Next, the operation of the ultrasonic probe 10 according to the embodiment will be described in detail.

FIG. 3A is a schematic diagram illustrating a state in which an echo jelly is applied to the surface of the living body and the ultrasonic probe 10 is placed on the surface of the living body.

The stepped portion provided in each acoustically ineffective portion (i.e., fixed space between the extended line of the lens front-end surface and the lens surface of each acoustically ineffective portion) serves as a region for retaining the echo jelly. Further, since the concave portion is provided in each acoustically ineffective portion, more echo jelly is retained in each acoustically ineffective portion.

FIG. 3B is a schematic diagram illustrating a state in which the ultrasonic probe 10 is moved on the surface of the living body.

The echo jelly retained in the stepped portion provided in each acoustically ineffective portion of the acoustic lens 12 is supplied to the lens front-end surface of the acoustically effective portion according to the movement of the ultrasonic probe 10.

Since the concave portion is provided in each acoustically ineffective portion, more echo jelly is retained. Thus, even when air bubbles are contained in the echo jelly, the air bubbles in the echo jelly remain in the stepped portion of each acoustically ineffective portion, and thereby the air bubbles are suppressed or prevented from moving to the lens front-end surface of the acoustically effective portion.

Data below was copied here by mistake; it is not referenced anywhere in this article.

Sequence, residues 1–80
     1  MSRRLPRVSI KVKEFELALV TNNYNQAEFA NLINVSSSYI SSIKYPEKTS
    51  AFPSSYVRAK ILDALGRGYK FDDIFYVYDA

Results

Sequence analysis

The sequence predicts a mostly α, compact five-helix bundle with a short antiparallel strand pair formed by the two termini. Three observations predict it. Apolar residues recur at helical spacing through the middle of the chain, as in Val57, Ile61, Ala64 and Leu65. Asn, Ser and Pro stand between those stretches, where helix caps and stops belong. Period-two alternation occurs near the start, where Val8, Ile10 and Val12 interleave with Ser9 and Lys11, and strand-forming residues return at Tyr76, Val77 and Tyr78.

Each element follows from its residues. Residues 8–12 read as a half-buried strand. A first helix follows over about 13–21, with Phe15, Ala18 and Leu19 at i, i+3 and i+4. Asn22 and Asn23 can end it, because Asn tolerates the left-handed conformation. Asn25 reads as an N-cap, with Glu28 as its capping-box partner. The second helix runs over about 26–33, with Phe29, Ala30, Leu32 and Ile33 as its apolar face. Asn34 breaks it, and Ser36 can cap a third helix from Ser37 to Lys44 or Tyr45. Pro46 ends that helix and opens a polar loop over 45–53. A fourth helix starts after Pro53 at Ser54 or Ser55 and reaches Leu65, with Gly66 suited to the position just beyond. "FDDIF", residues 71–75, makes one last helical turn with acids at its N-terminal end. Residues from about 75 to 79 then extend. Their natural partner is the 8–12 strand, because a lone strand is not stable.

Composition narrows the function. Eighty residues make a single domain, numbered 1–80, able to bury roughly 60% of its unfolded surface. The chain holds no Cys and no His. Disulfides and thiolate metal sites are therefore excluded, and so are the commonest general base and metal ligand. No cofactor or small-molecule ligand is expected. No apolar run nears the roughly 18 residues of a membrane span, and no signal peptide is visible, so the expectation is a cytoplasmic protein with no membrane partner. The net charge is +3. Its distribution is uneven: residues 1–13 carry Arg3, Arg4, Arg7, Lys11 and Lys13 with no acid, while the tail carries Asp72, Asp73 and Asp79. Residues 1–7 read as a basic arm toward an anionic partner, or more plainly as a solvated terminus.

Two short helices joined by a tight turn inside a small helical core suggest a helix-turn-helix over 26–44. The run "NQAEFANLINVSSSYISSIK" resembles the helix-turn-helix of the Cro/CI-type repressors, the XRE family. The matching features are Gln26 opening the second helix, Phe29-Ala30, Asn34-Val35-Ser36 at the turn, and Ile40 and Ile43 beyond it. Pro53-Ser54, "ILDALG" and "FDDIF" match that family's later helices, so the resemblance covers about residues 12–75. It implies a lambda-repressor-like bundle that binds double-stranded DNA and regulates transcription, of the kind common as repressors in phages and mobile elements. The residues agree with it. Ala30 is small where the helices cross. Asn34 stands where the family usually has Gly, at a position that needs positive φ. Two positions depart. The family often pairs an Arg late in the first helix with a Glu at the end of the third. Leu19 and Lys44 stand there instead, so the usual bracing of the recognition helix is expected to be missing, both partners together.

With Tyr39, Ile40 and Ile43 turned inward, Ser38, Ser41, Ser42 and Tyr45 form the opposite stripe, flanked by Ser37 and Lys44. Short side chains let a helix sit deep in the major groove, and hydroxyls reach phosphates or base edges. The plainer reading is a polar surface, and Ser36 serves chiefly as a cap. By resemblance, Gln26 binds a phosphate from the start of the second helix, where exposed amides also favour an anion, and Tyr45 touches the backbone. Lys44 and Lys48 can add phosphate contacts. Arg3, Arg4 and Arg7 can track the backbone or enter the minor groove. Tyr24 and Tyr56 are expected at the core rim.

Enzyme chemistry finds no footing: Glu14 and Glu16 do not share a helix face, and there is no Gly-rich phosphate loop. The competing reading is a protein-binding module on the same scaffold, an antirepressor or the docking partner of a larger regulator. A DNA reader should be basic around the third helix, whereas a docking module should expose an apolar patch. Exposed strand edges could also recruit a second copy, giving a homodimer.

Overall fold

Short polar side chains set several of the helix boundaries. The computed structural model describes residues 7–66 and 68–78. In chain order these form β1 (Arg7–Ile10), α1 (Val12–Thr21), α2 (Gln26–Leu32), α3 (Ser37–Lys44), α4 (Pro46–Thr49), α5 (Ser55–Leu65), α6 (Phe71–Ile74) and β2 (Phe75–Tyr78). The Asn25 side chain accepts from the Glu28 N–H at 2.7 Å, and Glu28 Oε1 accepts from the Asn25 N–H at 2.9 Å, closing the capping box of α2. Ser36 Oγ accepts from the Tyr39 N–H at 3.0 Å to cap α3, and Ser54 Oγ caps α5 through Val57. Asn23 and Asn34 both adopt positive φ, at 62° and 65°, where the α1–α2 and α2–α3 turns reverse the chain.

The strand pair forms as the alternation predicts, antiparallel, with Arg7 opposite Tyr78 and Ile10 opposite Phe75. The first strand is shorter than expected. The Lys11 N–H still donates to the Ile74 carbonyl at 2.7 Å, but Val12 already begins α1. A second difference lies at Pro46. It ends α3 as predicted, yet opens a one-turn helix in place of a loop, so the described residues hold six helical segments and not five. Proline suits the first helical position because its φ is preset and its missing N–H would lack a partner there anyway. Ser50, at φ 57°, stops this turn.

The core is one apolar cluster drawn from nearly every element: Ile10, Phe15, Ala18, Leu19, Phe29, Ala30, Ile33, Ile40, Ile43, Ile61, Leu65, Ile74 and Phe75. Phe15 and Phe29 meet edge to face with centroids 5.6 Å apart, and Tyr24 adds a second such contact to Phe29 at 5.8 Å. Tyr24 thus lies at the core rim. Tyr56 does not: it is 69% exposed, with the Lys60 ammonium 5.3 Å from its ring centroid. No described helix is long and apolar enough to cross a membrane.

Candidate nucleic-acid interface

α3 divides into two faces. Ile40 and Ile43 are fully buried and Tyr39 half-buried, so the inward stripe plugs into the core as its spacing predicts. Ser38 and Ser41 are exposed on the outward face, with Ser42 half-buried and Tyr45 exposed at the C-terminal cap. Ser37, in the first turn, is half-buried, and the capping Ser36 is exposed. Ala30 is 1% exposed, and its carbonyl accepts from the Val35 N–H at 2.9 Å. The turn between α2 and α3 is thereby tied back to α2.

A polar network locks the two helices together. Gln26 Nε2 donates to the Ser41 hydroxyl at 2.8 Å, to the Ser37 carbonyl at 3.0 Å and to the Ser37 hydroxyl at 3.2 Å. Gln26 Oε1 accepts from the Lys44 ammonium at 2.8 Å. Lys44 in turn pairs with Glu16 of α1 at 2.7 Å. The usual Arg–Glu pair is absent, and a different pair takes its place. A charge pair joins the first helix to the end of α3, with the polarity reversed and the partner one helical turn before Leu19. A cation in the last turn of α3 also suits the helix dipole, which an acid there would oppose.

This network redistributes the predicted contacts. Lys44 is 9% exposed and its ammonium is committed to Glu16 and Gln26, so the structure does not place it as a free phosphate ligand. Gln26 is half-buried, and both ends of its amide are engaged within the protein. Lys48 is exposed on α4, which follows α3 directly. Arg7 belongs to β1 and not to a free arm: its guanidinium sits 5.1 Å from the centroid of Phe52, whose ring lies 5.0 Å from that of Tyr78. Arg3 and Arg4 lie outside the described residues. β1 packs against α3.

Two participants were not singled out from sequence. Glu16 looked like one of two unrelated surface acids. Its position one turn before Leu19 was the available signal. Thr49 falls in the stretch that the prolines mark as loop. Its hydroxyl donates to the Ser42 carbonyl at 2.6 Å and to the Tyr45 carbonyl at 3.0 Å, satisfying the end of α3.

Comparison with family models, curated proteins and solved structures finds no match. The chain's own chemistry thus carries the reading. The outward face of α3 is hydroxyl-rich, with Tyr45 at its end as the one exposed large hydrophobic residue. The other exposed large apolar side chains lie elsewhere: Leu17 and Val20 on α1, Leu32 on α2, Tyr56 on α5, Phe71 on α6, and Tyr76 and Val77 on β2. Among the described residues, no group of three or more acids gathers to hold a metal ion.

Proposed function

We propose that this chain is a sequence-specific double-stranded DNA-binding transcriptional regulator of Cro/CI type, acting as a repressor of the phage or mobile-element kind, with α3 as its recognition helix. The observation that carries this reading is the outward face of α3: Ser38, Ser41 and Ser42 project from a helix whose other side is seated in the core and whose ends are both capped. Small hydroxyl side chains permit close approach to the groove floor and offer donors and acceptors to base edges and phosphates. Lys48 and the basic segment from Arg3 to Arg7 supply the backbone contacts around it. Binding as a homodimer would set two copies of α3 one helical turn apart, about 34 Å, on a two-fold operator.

As described above, the stepped portion for retaining the echo jelly is provided in each acoustically ineffective portion, and thereby the echo jelly is supplied to the lens front-end surface of the acoustically effective portion through the stepped portion. Accordingly, even when ultrasonic scanning is performed for a long time and the amount of the echo jelly on the surface of the living body is reduced, the echo jelly can be stably supplied between the lens front-end surface of the ultrasonic probe 10 and the surface of the living body. As a result, intervening of an air layer on the lens surface is suppressed, so that generation of the black area in the ultrasonic image can be reduced and diagnostic accuracy can be improved.